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Anna Nordenstam
Anna Nordenstam, Professor at Luleå University of Technology. Photo: Lars Andersson View original picture , opens in new tab/window

Darkening children's literature

Published: 14 October 2015

Happy ending is no longer a matter of course in children's literature. The new trends in the field shows that books targeted to children are becoming darker.

– Children's books has become increasingly darker and more problem-oriented in recent years. This can include things like drug abuse problems, divorce and racism. Not even the endeings needs to be happy anymore, says Anna Nordenstam, Professor at Luleå University. Her research on children's literature is now gathered in a new book aimed primarily at teachers and student teachers.

Anxious time

The reason books aimed at children has become increasingly gloomy offers no easy answers but Anna Nordenstam think the general world situation and changes in the welfare state is also reflected in the literature.

– We live in a troubled time and in a society that lived through cuts in social welfare. Inequalities have increased and the relative child poverty is shuddering high in Sweden. In addition, our big cities are segregated in a way we have not seen before. It may be that this is why parts of children's literature addressing difficult topics, says Anna Nordenstam and calls for more books that deal with today's multicultural society.

– Sure there are books that thematises ethnicity but it is still striking white given how society actually looks like. It surprises me.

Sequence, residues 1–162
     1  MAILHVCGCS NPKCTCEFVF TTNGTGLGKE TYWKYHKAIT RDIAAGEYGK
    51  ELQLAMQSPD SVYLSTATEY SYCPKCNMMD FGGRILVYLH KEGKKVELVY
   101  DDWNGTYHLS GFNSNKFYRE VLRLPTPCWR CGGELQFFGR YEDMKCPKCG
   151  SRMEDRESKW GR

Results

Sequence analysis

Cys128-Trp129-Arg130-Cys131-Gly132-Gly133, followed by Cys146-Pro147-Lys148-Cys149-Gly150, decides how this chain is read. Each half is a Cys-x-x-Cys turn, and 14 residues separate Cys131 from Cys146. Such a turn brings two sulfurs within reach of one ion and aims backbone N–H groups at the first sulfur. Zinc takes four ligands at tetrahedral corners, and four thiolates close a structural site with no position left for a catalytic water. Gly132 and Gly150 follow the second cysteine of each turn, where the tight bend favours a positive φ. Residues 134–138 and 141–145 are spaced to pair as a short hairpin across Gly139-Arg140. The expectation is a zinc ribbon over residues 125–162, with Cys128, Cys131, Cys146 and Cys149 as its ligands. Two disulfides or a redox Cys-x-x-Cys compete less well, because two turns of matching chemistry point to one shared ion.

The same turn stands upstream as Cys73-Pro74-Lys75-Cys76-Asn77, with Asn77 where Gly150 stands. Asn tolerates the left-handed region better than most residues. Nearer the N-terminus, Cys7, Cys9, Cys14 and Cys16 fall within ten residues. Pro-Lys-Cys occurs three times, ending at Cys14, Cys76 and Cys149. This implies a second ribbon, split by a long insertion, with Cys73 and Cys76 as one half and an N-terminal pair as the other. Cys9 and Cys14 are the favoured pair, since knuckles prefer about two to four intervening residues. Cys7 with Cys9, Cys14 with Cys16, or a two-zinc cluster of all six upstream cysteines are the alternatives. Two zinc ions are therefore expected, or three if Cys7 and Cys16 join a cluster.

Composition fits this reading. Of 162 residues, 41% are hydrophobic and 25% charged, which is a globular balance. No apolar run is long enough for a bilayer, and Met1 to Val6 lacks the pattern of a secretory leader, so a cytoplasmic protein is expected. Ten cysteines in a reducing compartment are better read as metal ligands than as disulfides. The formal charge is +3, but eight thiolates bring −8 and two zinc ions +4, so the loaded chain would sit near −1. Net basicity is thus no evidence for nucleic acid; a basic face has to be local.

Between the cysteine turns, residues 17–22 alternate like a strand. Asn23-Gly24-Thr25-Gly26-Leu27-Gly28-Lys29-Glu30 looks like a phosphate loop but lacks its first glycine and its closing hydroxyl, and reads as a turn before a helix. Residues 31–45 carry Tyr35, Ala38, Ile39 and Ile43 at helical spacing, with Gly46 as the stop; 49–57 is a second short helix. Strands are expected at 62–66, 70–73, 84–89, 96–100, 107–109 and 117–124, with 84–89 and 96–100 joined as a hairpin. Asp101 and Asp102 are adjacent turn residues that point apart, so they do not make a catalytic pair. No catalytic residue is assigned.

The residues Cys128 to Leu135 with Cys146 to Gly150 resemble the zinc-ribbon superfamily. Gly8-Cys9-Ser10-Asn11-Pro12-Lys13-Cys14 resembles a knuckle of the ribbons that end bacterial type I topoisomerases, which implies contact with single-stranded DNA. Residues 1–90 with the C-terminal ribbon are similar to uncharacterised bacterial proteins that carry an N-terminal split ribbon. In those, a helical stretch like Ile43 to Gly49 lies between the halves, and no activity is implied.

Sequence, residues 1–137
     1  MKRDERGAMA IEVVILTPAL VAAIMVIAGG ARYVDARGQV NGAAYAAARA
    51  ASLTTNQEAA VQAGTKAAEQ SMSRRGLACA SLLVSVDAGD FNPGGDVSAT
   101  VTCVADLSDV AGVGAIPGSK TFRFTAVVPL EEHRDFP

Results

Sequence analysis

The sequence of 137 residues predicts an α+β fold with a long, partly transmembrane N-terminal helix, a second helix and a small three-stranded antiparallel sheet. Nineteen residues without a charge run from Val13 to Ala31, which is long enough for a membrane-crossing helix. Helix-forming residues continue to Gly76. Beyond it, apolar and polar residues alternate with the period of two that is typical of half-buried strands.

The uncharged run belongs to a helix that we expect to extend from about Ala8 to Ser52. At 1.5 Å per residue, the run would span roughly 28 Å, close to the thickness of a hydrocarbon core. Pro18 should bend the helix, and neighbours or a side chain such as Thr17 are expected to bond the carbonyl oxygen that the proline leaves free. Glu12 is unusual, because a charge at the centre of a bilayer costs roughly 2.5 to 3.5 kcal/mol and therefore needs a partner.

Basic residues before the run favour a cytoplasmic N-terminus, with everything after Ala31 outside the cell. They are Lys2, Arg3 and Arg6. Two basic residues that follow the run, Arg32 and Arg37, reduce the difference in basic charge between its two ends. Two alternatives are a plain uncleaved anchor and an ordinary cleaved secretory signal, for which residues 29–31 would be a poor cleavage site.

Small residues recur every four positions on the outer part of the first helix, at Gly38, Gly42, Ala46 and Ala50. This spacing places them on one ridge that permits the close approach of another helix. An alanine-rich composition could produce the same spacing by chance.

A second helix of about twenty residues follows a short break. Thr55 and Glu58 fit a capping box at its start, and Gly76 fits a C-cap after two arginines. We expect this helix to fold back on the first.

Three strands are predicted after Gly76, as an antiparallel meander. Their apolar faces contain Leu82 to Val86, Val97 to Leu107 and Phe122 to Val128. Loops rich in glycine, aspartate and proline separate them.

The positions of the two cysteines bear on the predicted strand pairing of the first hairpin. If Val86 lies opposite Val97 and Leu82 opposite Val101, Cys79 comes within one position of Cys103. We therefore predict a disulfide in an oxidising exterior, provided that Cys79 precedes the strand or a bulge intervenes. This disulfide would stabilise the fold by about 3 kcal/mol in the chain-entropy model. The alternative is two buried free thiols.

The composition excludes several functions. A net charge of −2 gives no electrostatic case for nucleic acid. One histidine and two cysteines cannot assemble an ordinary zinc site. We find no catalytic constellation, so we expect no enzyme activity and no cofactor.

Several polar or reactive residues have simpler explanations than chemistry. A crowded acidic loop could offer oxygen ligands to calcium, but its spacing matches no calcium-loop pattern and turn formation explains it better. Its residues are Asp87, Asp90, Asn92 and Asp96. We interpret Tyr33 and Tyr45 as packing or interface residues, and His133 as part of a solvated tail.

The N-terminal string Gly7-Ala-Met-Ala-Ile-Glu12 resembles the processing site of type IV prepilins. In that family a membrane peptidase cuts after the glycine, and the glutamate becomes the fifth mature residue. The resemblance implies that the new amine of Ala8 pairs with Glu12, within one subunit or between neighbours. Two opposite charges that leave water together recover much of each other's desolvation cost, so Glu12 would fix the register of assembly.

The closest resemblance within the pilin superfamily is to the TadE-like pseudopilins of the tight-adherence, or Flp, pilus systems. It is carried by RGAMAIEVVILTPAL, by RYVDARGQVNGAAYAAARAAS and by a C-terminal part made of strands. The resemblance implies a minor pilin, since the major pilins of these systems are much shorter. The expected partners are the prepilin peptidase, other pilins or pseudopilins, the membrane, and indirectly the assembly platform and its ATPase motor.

Even the humor increases

Other trends that Anna Nordenstam and Ann Boglind (Lecturer at the University of Gothenburg, reds.anm.) Highlighted in the co-written book includes more  aesthetically challenging picture books, hybrid genres and also greater focus on humor.

– Here we also see a significant increase. The books are aimed primarily at children between the age of eight to twelve and works in the tradition of Roald Dahl and Ole Lund Kirkegaard. For example, the Norwegian crime writer Jo Nesbø wrote a series of children's books full of twisting words and exaggerations that have become very popular, says Anna Nordenstam.

A question of democracy

Now she hopes the newly written book will lead to a greater reading among children and adolescents.

– We hope that it will be used as a textbook in teacher training programs and that it will inspire teachers to work more with children's literature in schools. It is particularly important now that children's reading habits and literacy is challenged from various quarters. Everyone should have access to good literature and here the school must help. Basically it is a question of democracy, says Anna Nordenstam.


Anna Nordenstam

Nordenstam, Anna - Visiting Professor

Organisation: Swedish and Education, Education and Languages, Department of Health, Education and Technology
Phone: +46 (0)920 491316
Room: D2123 - Luleå»